Telecommunications have already made significant changes to the workplace. Working from home or other remote locations is now a reality for many employees and managers. While this creates many benefits in terms of work-life balance and increased productivity, it also could result in some significant drawbacks. However, robotics can help overcome many of these issues.
Head on a Stick
The most common form of telepresence robot is the tablet on a Segway, or iPad on a stick. These devices are quite simple in appearance—a tablet set on a shaft at about head height, connected to a wheeled base. Some robots feature additional cameras or audio equipment attached to the shaft.
Early versions of these machines were unable to keep up with a normal human walking pace, could not cope with even minor obstructions on the floor, and suffered from poor controls and lackluster audiovisual quality. Today, many new telepresence robots can keep up or even slightly surpass normal walking speeds. They also offer high-quality audiovisual feeds and can overcome minor terrain obstructions, such as small items on the floor.
The head-on-a-stick version of robots is just the beginning, however. There are more-humanoid robots in various stages of development. More advanced robotics would allow a person to be present not only for communication but will also eventually enable the remote worker to physically help with tasks as well.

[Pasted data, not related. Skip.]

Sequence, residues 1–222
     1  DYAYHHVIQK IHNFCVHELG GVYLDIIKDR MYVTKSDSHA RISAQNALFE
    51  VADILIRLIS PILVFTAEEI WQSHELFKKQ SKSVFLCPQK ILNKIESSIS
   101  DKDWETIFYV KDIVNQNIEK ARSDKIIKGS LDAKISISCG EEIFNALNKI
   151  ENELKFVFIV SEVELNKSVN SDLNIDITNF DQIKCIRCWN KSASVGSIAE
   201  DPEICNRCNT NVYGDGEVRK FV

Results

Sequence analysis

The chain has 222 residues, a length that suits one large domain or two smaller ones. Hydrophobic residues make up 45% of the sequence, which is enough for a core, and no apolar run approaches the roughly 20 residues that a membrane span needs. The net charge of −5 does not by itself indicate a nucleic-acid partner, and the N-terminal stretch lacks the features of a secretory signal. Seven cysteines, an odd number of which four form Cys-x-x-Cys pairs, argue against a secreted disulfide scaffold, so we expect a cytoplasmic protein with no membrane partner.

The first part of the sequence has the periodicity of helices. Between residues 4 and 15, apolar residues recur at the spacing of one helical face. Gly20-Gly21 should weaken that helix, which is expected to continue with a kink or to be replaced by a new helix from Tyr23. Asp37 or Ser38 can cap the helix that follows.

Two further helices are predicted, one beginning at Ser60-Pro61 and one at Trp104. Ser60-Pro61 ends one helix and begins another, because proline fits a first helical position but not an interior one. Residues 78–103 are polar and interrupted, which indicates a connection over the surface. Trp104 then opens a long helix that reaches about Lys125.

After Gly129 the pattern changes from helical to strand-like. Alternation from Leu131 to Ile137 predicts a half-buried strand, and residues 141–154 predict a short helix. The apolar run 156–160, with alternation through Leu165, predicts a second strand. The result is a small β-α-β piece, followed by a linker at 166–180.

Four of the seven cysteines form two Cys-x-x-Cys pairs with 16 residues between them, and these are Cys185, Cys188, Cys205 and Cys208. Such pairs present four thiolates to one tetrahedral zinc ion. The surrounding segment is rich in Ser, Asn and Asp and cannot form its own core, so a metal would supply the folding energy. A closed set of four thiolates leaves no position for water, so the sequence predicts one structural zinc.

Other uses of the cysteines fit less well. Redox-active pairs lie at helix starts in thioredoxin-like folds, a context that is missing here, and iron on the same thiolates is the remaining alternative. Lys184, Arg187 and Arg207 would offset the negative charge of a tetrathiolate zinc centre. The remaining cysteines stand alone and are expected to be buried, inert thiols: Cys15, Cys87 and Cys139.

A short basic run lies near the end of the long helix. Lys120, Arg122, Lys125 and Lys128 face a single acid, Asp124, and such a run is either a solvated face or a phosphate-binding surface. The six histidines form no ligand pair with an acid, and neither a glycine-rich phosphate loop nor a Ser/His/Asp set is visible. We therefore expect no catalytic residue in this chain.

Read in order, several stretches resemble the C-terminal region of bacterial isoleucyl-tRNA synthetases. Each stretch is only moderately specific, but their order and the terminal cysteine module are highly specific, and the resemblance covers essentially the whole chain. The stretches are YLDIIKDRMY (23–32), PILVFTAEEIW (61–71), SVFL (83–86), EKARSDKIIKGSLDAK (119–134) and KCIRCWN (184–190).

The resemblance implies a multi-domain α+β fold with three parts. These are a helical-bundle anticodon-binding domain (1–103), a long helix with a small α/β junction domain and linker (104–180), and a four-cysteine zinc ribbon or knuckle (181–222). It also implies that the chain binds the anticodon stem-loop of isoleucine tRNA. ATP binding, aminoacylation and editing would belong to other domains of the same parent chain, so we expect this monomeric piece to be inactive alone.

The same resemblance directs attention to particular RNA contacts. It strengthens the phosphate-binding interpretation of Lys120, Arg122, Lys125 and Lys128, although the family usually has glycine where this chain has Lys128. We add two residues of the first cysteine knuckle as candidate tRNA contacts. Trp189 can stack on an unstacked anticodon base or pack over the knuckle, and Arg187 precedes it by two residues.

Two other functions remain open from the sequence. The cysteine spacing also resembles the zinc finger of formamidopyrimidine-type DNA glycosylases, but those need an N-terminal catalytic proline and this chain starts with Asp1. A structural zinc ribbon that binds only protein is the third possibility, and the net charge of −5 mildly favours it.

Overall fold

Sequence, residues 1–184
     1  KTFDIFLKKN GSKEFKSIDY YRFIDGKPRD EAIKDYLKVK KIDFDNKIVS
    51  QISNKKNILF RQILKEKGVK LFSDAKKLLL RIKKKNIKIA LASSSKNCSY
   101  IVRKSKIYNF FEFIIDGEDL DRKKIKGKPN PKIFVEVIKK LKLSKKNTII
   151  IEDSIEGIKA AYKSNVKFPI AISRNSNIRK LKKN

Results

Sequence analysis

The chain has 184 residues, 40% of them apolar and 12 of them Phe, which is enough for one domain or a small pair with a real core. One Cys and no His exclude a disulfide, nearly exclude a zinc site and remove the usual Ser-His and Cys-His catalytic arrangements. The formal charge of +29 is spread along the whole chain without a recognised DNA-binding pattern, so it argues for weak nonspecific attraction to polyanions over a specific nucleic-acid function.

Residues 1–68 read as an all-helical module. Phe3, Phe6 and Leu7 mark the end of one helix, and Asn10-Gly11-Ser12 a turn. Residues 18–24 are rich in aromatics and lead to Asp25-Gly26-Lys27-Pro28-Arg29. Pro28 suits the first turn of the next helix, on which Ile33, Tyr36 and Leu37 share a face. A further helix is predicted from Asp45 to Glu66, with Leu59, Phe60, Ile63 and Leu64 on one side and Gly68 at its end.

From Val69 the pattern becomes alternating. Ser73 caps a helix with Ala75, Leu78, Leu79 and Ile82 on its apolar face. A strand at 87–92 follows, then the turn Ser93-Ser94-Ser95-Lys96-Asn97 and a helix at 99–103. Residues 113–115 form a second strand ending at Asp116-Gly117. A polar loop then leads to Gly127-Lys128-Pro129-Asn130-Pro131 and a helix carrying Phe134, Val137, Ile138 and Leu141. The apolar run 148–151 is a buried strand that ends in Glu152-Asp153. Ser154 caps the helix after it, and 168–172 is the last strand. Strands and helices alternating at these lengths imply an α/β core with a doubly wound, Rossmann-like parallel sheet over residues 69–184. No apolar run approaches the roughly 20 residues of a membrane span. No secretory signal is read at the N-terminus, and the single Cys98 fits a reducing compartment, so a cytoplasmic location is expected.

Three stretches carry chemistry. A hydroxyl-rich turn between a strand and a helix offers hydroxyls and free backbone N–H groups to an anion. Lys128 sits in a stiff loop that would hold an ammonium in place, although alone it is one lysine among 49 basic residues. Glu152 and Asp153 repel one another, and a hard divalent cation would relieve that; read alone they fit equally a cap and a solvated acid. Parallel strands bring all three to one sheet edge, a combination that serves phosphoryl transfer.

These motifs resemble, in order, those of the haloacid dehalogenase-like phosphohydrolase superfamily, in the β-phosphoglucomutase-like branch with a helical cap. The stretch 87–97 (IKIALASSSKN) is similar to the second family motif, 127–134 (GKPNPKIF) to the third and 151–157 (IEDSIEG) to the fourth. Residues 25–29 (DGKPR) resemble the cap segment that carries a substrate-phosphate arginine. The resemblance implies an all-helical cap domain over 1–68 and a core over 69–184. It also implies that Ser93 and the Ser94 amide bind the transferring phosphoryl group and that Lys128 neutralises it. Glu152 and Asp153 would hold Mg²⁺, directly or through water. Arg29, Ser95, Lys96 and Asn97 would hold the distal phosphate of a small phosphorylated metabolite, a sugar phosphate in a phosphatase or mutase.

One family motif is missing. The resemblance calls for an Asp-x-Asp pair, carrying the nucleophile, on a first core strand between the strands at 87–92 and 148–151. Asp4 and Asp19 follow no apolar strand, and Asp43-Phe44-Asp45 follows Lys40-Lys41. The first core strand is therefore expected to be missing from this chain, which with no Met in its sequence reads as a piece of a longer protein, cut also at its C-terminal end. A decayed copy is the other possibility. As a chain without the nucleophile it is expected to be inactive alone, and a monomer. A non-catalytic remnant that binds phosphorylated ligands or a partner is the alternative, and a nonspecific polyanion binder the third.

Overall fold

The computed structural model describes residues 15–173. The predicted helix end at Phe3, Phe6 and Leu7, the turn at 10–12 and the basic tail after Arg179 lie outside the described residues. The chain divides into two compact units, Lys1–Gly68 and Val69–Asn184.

Amazing Benefits of Robotic Telepresence
Some people who work remotely don’t yet understand the benefit of robotic methods of telepresence, but many people are discovering several perks to having a mobile version of you themselves:
• Exploration. Being able to physically explore a company’s offices from halfway around the world creates a greater sense of inclusiveness and allows personal interaction in a way a remote employee might otherwise never experience.
• Attending meetings. While there are simpler methods of attending meetings remotely, being telepresent in a mobile robot allows for some more subtle experiences. A robot can move to the head of the room or walk off to the side to speak privately with one person, for example.
• Extending human agency. People who use robots to communicate remotely rather than using simple video or audio feeds have a greater feeling of control.
The Limitations of a Robotic Experience
Many of the drawbacks of advanced telepresence robots come from the lag time in communicating remotely or the awkwardness of a person conversing through or with a machine.
Specific problems with telepresence robots include:
• The lack of human intimacy. There is a certain amount of intimacy present in a simple conversation between two people. However, a telepresence robot does not inspire this same feeling of human contact.
• The inability to act on certain methods of communication. This includes nonverbal body cues that demonstrate a person’s mood, intent, and more.
• Lack of access and sturdiness. Current telepresence robots are rather flimsy machines. They are easily toppled over and lack the ability to traverse anything but smooth floors without issue.
• It affects how people think of the person. Telepresence robots are often viewed as being cute. This feeling can be extended to the person using the robot to communicate and can influence relationships and opinions of people working with the telecommuter.
Using robots for more effective telecommunication is a reality. As technology advances, more people will spend more time working from remote locations and will use robots to increase the effectiveness of their presence. Benefits and drawbacks abound for telepresence robotics, but the latest technology helps the pros to outweigh the cons.